Mark Haddon, Sara Wheeler, John Taylor's Inheritance Tracks
Richard Coles and Sian Williams with author Mark Haddon, Will Hadcroft who has Asperger's, and Richard & Alison Warden who remarried each other after 50 years. Travel Writer Sara Wheeler takes a tour of Dunfermline, two Southend schoolgirls explain why they wish they'd grown up in the 80s, there's a Soundsculpture of rowing, Saturday live listeners say thank you for random acts of kindness and Duran Duran's John Taylor shares his Inheritance Tracks.
Producer: Dixi Stewart.
INTERVIEW :: MARK HADDON
INHERITANCE TRACKS :: JOHN TAYLOR
John’s book ‘In the Pleasure Groove: Love, Death, and Duran Duran’ is out now and he will appear at Latitude festival this summer.
WE MARRIED AGAIN AFTER ALMOST 50 YEARS :: ALISON AND RICHARD
SOUND SCULPTURE :: BOAT RACE
I LOVE 80S MUSIC :: OLLA AND LILA
ASPERGER’S IN ADULTHOOD: WILL HADCROFT
TRAVEL :: DUNFERMLINE
STUDIO PHOTO :: Richard and Alison Warden, Richard, Sian, Will Hadcroft and Mark Haddon
BLOG - SIAN ON PEAS AND RUNNING
I've been thinking about endurance. I was on a training run - the London marathon is soon - so I've been running five times a week. Everyone you see who's pounding the pavements, with a look of fatigue and grim determination, is probably doing the same. They've also been training for four months, not drinking, not having much of a social life, boring their partners with talk of energy gels and electrolyte drinks and getting up at six o'clock on Sunday morning, for their long run.
Still, I thought this morning as I headed out, putting on my trainers and my rictus smile, we're all on the home straight. And then ping went my calf muscle at mile two. So I write this on the sofa, with a bag of frozen peas under my leg and a feeling of extreme frustration. Marathons and me are cursed. During my first one, in New York, I drank too much water, collapsed and was in hospital for two days. The second was due to be held in the same city last November, but as we got over there, Hurricane Sandy intervened. The third is in four weeks time and I'm limping.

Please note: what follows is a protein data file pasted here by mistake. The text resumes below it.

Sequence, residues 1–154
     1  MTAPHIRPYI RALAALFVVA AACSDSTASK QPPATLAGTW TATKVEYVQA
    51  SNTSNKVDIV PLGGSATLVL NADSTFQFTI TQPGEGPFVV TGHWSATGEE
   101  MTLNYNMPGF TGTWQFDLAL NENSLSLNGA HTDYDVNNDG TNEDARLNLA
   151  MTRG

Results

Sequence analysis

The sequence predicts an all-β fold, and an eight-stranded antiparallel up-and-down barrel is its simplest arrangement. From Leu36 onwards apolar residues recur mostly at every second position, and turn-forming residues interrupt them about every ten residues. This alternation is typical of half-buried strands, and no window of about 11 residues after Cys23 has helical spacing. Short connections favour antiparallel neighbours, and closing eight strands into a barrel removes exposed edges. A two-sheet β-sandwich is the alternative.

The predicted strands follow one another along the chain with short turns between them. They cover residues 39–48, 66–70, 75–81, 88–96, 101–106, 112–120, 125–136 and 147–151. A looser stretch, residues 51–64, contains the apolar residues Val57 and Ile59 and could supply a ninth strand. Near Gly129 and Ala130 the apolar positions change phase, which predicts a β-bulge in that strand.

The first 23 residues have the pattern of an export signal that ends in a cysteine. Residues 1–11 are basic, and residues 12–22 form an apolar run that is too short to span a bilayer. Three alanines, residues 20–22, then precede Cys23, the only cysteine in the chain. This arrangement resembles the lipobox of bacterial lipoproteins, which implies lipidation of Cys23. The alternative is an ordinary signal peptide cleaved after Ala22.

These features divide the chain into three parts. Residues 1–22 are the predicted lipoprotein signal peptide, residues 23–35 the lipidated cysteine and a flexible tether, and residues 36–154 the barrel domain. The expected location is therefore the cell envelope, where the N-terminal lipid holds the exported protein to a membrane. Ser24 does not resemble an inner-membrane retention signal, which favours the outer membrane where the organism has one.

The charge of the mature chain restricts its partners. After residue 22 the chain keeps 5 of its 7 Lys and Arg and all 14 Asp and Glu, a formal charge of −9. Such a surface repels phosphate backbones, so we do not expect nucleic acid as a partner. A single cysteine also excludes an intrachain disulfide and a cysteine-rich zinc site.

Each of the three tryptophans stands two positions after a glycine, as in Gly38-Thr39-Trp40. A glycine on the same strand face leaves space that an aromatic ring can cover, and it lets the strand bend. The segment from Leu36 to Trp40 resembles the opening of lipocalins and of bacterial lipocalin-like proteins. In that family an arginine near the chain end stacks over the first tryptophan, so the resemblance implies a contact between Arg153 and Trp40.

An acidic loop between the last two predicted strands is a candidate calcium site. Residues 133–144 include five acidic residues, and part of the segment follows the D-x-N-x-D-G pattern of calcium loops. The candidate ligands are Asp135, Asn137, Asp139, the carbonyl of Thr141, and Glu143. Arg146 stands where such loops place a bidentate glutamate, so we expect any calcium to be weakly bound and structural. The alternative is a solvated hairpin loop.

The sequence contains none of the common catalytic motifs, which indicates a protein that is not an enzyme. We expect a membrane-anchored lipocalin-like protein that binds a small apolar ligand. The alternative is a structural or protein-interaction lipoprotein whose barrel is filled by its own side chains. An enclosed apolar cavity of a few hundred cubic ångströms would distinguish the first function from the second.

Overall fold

Just a few days ago, I was running twenty miles in horizontal rain, in Ruislip thinking, it's all for charity, keep going, you have to complete the task and now, I'm not so sure.
Our studio guest on Saturday is made of stronger stuff. He would have been one of those runners who surges past you, with a beautific look on his face, embracing whatever the elements throw at him. Mark Haddon, the writer, is a runner and he adores the loneliness and the rain. I suppose it helps him concentrate and focus - there's an extraordinary amount going on in that man's head. I've just seen the stage production of his novel, The Curious Incident of the Dog In The Night-Time, about a boy who describes himself as a 'mathematician with some behavioural difficulties', and the life and energy shoot out of the play, ideas fizzing and popping and making the audience gasp. The lead actor, Luke Treadaway, throws himself into the part so physically, he's sweating through it. He says it's so demanding, "it's like playing rugby for two and a half hours every night". That is real endurance and commitment.
He is very convincing too, anyone who has or knows someone with Asperger's or Autism may recognise the character, finding other people confusing and safety in detail. Will Haddon has Asperger's, he'll join us to explain what it means to him.
Also on the programme, we talk to a couple who remarried after fifty years, a different form of endurance, I suppose. We head to Dunfermline to see the sights and we embrace the 1980s, with a couple of Southend schoolgirls who wish they'd lived through it (and have a slight crush on Richard) and we hear the Inheritance Tracks of John Taylor from Duran Duran, who was also livin' the eighties dream.
The peas are giving me frostbite but the show will be warm and lovely.
Saturday Live, tomorrow, at nine.